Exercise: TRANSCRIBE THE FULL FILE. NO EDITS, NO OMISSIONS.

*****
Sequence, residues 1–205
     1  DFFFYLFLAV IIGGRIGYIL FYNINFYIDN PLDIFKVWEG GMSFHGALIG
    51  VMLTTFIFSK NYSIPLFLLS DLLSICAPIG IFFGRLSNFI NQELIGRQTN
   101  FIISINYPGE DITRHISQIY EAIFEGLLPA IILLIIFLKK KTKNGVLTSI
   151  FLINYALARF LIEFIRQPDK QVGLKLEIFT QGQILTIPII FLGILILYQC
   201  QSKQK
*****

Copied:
Sequence, residues 1–205
     1  DFFFYLFLAV IIGGRIGYIL FYNINFYIDN PLDIFKVWEG GMSFHGALIG
    51  VMLTTFIFSK NYSIPLFLLS DLLSICAPIG IFFGRLSNFI NQELIGRQTN
   101  FIISINYPGE DITRHISQIY EAIFEGLLPA IILLIIFLKK KTKNGVLTSI
   151  FLINYALARF LIEFIRQPDK QVGLKLEIFT QGQILTIPII FLGILILYQC
   201  QSKQK